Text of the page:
A lunar table was prepared to assist the non-astronomers with planning for Easter. An underlying problem was that the Metonic Cycle was in error by eight days every 2500 years. You guessed there’d be something like this because you know the solar cycle is 365.2422 days which creates a need for the adjustments of leap years and seconds. A second table was prepared. And so it went, on and on. Easter was all over the place not just because of the moon. There was the Julian calendar too.
A New Style Gregorian calendar was adopted in 1582 in France, Italy, Luxembourg, Portugal and Spain. Two years later, Belgium and The Netherlands follow suit. Two centuries later, the British (1752) and the Germans (1776) adopted the Gregorian calendar. Then Japan came on calendar in 1873 while, oddly, Greece only came on board in 1923.
You’ve lost the thread of this because it’s all a bit dense. But you see the big picture. Easter still isn’t fixed, just like Christmas isn’t fixed. The western Catholics are a week earlier for Easter and of course, they take their Xmas tree down on Orthodox Christmas. That’s because the Julian calendar is still in use and is 13 days later than Pope Gregory’s version. Don’t do the maths because they don’t work yet.
As many have written before, time is relative. And this is just the Christian calendar. None of this makes sense to my desire for rational explanations though I’d be the first to admit that the injustices and financial hardships that might arise from calendar changes aren’t fun.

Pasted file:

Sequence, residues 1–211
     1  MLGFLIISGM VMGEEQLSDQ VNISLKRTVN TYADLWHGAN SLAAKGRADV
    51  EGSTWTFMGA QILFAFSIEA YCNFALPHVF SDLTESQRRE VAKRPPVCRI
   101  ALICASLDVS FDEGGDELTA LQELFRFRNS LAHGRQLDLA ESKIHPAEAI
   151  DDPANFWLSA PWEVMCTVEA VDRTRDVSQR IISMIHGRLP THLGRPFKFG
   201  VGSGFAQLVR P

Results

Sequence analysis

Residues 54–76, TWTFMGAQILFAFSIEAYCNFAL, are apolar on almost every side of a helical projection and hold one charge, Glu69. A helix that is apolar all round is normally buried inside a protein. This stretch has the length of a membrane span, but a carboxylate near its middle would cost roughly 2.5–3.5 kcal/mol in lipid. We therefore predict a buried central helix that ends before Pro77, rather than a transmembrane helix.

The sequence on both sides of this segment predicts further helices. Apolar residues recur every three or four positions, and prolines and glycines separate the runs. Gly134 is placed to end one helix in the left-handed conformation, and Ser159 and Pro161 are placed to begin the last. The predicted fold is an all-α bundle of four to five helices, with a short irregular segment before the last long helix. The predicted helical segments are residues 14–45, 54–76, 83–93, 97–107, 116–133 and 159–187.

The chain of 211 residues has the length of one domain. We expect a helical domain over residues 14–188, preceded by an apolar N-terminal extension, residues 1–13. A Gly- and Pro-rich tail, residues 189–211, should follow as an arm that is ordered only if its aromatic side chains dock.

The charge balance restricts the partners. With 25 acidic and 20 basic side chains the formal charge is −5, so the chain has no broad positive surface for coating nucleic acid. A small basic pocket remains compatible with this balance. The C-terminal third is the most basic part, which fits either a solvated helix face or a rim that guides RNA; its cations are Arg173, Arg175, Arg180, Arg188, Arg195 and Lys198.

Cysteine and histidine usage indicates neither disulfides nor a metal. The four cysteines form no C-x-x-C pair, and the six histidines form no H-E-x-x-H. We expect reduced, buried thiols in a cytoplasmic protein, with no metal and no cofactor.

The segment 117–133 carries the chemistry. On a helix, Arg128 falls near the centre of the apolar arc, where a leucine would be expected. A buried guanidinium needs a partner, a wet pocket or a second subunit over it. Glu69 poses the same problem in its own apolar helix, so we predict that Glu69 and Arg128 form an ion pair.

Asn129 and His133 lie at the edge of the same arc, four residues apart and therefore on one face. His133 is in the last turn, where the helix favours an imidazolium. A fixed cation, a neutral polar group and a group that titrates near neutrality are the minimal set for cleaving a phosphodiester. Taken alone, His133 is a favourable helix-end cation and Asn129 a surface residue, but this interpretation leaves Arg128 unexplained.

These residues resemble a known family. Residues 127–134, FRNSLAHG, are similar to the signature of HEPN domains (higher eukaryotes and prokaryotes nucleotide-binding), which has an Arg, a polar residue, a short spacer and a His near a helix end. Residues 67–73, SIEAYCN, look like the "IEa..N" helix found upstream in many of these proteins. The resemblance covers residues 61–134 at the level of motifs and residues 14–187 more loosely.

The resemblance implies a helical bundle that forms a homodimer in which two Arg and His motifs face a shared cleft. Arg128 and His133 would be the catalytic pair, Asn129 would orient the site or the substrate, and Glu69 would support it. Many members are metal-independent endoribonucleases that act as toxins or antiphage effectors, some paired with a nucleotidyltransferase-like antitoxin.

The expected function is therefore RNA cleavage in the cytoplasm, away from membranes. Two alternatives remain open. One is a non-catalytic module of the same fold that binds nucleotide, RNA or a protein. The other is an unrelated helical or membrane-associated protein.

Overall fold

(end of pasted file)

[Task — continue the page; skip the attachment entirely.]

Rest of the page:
While thinking about this, I remembered we had occasion to attend an interesting celebration in Westminster Cathedral a couple of years ago. One of my colleagues got us a some tickets to a three hour mass. He was conducting the choir at the concelebrated Pontifical Divine Liturgy to commemorate the 60th anniversary of the establishment of the Ukrainian Catholic Exarchate in Britain. His Beatitude Patriarch Sviatoslav, His Eminence Cardinal Vincent Nichols and the Most Reverend Edward Joseph Adams, Apostolic Nuncio to Great Britain were there in full pomp and regalia. Three hours of song alternated in three languages and the choir weren’t even mentioned in the programme.
Архиєрєйська Божественна Літургія, Вестмінстерській Катедрі will take you to the first part of the service and Cardinal Nichols welcomes everyone after 45 minutes. It can’t be very often that you’d see a Patriarch, Cardinal, Nuncio and so many bishops in the one place. Frankly, I was surprised they all showed up on the same day but I came to understand that was because all of the Bishops were bussed in together.
We must have enjoyed being in Westminster because coincidentally, an office move in 2018 caused Westminster Cathedral to become the half-way mark between my bedroom and office.
Lia Mills says
I love the photo – Your architects could be checking their mobile phones!